• Oryx / Volume 47 / Issue 03 / July 2013, pp 369-380
  • Copyright © Fauna & Flora International 2013 The online version of this article is published within an Open Access environment subject to the conditions of the Creative Commons Attribution licence <http://creativecommons.org/licenses/by/3.0/>.
  • DOI: http://dx.doi.org/10.1017/S003060531200172X (About DOI), Published online: 14 May 2013


Biodiversity offsets in theory and practice

Joseph W. Bulla1 c1, K. Blake Suttlea2, Ascelin Gordona3, Navinder J. Singha4 and E. J. Milner-Gullanda1

a1 Department of Life Sciences, Imperial College London, Silwood Park Campus, Buckhurst Road, Ascot, Berkshire, SL5 7PY, UK.

a2 Department of Life Sciences and Grantham Institute for Climate Change, Imperial College London, London, UK

a3 School of global, Urban and Social Studies, RMIT University, Melbourne, Australia

a4 Department of Wildlife, Fish, and Environmental Studies, Faculty of Forest Sciences, Swedish University of Agricultural Sciences, Umeå, Sweden


Biodiversity offsets are an increasingly popular yet controversial tool in conservation. Their popularity lies in their potential to meet the objectives of biodiversity conservation and of economic development in tandem; the controversy lies in the need to accept ecological losses in return for uncertain gains. The offsetting approach is being widely adopted, even though its methodologies and the overriding conceptual framework are still under development. This review of biodiversity offsetting evaluates implementation to date and synthesizes outstanding theoretical and practical problems. We begin by outlining the criteria that make biodiversity offsets unique and then explore the suite of conceptual challenges arising from these criteria and indicate potential design solutions. We find that biodiversity offset schemes have been inconsistent in meeting conservation objectives because of the challenge of ensuring full compliance and effective monitoring and because of conceptual flaws in the approach itself. Evidence to support this conclusion comes primarily from developed countries, although offsets are increasingly being implemented in the developing world. We are at a critical stage: biodiversity offsets risk becoming responses to immediate development and conservation needs without an overriding conceptual framework to provide guidance and evaluation criteria. We clarify the meaning of the term biodiversity offset and propose a framework that integrates the consideration of theoretical and practical challenges in the offset process. We also propose a research agenda for specific topics around metrics, baselines and uncertainty.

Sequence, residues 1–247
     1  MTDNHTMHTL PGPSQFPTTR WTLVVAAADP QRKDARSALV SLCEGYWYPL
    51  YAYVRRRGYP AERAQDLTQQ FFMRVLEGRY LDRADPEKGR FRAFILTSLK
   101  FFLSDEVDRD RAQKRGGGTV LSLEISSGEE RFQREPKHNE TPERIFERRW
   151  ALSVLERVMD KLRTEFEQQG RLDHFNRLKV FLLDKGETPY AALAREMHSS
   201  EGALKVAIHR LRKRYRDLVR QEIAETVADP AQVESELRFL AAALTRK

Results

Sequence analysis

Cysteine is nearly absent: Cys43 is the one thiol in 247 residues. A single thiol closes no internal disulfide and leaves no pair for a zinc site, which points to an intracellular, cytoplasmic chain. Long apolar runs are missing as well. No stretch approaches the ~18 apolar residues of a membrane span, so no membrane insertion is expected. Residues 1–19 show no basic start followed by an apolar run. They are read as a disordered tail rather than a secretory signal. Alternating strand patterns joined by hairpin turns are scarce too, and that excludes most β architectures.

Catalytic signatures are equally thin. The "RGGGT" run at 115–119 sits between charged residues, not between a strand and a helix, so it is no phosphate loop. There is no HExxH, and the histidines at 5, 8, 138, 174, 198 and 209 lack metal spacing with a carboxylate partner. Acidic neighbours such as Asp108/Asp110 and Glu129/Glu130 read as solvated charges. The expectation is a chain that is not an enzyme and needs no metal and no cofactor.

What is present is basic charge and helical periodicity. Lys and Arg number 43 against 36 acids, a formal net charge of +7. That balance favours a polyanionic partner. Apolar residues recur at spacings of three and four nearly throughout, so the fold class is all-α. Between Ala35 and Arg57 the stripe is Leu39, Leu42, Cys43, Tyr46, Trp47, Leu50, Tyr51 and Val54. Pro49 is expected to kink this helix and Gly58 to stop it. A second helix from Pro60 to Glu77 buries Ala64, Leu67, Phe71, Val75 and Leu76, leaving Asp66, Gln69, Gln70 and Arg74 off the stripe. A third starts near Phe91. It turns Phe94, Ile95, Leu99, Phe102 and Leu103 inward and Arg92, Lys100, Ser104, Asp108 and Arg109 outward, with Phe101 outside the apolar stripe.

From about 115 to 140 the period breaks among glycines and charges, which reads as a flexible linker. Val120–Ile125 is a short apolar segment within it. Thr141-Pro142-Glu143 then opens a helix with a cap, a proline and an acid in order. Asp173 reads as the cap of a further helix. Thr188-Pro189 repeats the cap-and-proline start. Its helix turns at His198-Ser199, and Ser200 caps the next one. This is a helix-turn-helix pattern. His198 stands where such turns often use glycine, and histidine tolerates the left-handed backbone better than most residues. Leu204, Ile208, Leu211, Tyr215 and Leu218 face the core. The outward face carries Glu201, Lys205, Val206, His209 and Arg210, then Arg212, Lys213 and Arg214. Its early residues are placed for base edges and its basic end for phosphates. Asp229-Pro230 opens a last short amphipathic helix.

(Received August 06 2012)

(Revised October 18 2012)

(Accepted November 22 2012)

(Online publication May 14 2013)


  • Compensation;
  • habitat banking;
  • mitigation;
  • no net loss;
  • offsets;
  • restoration


c1 (Corresponding author) E-mail j.bull10@imperial.ac.uk